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Sunday, September 10, 2006

Day three, onward to Canada

Anawan, that was the name of the town I woke up in that morning.  I went to the hotel lobby to have a continental breakfast.  I saw a guy there having his cereal and toast, he said a polite hello.  I thought for sure he looked like a Mormon, he had blond hair combed over to the side, he was about 19 and smiled a lot and had big teeth.  I knew though that this far from Utah there was no way he was a Mormon, probably a born again.

After breakfast I went to my car and packed up the stuff.  I'm was so sick of taking the boxes in every night but I wasn't going to have a $300.00 window in my van broken so that someone could steal my $120 PlayStation.  The guy who I saw at breakfast was outside and looking at my plates, he said another hello and then we both drove off.  As I was getting onto the freeway he passed me and I saw his plates, he was from Utah too and had a big BYU plate holder on his car.  He was a Mormon after all.

I drove on through Illinois, more farmland but lots of industrial stuff too.  You can tell that Illinois is where the grain gets processed and stored.  Illinois had a busy feel to it, it wasn't at all like the rest of the mid-west where you felt like you could sit on your porch and watch the corn grow for days upon end.  In Illinois you felt like you should be doing something.

I went on through Chicago, they had some bad construction and on the route I was on there wasn't any city stuff to see  I guess I can say I've been to Chicago but I don't really feel like I've been.  North of Chicago I went into Michigan, Michigan is very different from what I expected being full of trees and hills.  I thought it would be a state full of industrial crap, I guess I thought Detroit was the whole state.  I don't remember much from Michigan, I stopped at a couple of gas stations.  Everywhere I stopped it looked like the bad part of town, I'd have no problem going to the places I stopped now but it's different being somewhere when you don't have a home and everything you own is in your car.

I got to Detroit and it was pouring rain,  It was hard to see the cars around me as I drove through the city.  It was about 5 Eastern, rush hour and as I went through the traffic jams toward Canada I realized that about every car on the road had a dent in their fender.  When you want to change lanes in Detroit you just go and sometimes you make it and sometimes you don't.  Fortunately I made it through without a dent.

At the Canadian border I was questioned harshly by the border guard.  I was worried about this part because if I was denied entry it was backtracking about 500 miles and would have added an extra day or two to my trip.  Not to mention by the time I got to the border was ready to never see Detroit again.  They did agree to let me through and I've never been so happy to see someone else's country.  It was my first time out of the United States and it was cool.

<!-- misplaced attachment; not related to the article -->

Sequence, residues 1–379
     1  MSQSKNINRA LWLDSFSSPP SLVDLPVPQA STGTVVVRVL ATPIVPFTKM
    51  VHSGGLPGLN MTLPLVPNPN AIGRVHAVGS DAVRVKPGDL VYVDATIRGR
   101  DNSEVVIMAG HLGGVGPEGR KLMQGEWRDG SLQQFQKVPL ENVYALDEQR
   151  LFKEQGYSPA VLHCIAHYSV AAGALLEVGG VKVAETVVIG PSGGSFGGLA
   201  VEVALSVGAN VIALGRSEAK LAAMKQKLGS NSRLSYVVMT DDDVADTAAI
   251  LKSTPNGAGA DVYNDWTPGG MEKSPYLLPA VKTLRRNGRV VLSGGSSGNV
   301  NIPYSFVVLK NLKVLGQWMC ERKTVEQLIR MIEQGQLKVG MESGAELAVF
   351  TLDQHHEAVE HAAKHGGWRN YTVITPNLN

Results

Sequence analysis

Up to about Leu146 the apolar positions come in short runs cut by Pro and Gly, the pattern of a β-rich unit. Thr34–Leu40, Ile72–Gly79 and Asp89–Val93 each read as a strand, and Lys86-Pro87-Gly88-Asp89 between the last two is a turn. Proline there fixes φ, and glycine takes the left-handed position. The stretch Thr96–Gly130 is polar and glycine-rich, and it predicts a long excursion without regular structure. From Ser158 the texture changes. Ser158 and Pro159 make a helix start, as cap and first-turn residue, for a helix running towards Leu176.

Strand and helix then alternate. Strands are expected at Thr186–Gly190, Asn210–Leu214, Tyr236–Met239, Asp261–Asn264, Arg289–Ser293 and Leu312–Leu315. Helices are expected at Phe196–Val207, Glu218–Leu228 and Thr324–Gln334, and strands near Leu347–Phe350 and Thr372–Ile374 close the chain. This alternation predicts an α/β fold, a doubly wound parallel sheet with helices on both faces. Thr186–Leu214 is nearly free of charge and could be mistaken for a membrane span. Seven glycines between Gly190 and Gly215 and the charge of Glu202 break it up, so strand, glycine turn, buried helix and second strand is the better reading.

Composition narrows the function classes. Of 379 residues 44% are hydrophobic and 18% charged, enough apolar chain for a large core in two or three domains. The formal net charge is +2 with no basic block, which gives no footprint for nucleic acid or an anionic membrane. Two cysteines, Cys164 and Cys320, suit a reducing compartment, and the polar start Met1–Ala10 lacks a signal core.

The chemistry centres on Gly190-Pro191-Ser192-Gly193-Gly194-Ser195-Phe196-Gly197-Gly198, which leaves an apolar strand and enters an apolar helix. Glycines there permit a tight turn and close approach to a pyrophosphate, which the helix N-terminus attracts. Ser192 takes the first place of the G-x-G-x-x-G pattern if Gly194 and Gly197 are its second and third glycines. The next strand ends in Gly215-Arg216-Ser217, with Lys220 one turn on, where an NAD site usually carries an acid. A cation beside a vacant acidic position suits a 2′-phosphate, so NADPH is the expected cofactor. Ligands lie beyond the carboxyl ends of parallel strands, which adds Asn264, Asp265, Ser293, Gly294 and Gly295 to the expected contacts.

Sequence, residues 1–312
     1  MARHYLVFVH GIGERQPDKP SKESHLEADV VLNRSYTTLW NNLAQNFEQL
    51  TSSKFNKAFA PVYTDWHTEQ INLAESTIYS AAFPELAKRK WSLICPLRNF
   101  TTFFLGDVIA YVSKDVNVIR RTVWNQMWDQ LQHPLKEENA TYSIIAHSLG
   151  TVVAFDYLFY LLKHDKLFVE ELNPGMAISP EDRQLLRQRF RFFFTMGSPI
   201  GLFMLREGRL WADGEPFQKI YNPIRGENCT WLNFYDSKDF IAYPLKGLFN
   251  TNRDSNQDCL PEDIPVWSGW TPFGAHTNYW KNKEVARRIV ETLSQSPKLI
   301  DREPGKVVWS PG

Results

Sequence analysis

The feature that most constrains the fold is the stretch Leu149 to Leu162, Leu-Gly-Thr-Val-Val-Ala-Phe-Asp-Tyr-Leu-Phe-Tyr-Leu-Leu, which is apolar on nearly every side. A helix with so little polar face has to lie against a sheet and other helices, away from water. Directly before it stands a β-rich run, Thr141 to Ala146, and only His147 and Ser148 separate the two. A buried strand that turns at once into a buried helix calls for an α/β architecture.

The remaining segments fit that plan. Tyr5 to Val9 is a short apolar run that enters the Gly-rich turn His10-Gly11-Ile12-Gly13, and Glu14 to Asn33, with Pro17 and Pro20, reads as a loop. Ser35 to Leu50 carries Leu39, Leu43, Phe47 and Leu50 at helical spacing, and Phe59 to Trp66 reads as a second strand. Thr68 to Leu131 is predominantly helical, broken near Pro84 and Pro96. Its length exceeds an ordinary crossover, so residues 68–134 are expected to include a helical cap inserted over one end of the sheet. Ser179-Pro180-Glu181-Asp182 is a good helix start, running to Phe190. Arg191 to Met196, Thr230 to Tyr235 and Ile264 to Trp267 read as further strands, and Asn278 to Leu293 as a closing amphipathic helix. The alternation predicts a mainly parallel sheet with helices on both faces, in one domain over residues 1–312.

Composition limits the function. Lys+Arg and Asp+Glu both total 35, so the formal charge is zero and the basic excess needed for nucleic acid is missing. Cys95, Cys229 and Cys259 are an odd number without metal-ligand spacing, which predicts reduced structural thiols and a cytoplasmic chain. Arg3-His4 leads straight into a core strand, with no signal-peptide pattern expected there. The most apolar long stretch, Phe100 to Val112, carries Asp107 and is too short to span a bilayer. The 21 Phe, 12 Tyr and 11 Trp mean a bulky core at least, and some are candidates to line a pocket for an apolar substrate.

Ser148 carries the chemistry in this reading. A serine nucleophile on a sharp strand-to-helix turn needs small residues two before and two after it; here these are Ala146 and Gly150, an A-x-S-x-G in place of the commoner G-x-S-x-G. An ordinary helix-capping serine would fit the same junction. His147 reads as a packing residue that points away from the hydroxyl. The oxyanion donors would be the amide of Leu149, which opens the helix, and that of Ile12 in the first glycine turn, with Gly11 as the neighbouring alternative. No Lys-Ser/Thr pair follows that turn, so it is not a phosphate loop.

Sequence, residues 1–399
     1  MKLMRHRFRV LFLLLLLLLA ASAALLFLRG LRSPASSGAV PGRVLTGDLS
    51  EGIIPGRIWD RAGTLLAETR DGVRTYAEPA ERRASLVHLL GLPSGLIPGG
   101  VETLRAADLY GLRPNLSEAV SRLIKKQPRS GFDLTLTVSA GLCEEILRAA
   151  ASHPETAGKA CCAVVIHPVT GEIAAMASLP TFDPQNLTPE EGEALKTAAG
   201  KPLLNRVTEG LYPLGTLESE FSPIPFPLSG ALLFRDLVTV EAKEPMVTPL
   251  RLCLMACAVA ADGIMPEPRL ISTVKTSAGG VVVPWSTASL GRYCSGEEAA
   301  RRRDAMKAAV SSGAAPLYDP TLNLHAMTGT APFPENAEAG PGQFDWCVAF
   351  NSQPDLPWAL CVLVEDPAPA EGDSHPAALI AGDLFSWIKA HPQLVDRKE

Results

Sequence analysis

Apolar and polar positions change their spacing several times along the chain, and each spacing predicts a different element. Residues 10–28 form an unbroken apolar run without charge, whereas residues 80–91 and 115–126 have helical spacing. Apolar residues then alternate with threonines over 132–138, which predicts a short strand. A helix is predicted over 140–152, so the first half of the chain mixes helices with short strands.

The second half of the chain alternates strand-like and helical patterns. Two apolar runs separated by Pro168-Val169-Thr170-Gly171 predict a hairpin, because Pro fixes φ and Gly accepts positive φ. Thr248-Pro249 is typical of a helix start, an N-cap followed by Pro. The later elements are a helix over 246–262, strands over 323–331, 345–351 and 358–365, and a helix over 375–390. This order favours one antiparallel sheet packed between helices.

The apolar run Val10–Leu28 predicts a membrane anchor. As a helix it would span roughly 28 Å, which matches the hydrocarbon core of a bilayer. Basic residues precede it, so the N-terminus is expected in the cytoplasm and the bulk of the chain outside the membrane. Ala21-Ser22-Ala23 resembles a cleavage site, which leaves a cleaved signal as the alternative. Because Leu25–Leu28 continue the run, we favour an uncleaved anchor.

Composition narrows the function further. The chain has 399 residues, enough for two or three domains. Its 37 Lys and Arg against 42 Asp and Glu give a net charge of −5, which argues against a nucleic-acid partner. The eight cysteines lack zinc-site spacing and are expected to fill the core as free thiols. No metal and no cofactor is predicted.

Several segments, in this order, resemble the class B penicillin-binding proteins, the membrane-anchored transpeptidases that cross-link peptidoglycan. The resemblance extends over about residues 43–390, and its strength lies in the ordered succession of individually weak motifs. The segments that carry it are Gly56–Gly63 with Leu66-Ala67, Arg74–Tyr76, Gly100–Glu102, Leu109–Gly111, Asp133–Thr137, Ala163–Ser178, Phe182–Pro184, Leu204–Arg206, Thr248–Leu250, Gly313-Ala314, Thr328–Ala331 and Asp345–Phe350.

I loved how everything was marked in kilometers,  everything seemed closer that way, 100 kilometers is only an hour instead of an hour and a half with miles.  I stopped at a gas station about a hundred kilometers in and filled up with petrol, paid for by the liter.  Somehow it was cooler than buying gas by the gallon.

I drove on to London and decided I had better stop and get a hotel, it was getting kind of late and I was tired.  I found a roadside motel, motels sounded better than hotels because I had to unload that half ton of crap every night for fear it would get stolen.  The place was a total dump, the owners were from Fiji, they had a velvet map of New Zealand on the wall and I asked if they were from there, they had been on a trip there last winter.  I paid in American dollars and got my change back and learned the difference betwoon a loony and a twony.  I went to the room and unloaded my stuff, it was a super old motel.  Some dudes where hanging outside a corner room enjoying a beer and the sunset, most of the rooms had bicycles in front of them chained to the posts.

I went on the lookout for a restaurant and a six pack to while the night away.  I found a Chinese place that had a bar.  Three people were getting drunk in the place but otherwise it was empty.  I ordered a special and asked if they could take American dollars.  They said yes and gave me a price higher than the Canadian one!  I thought the exchange rate went the other way, at least it had everywhere else I had been.  I said whatever to myself and paid up, I was too tired to be arguing over a couple of bucks.  I had no luck on the six pack though, I drove to several convenience stores and there was no beer to be found there.  I guess wherever Canadians get their beer it isn't at the gas station.  I still have no idea what kind of store I should have been looking for to get a drink.

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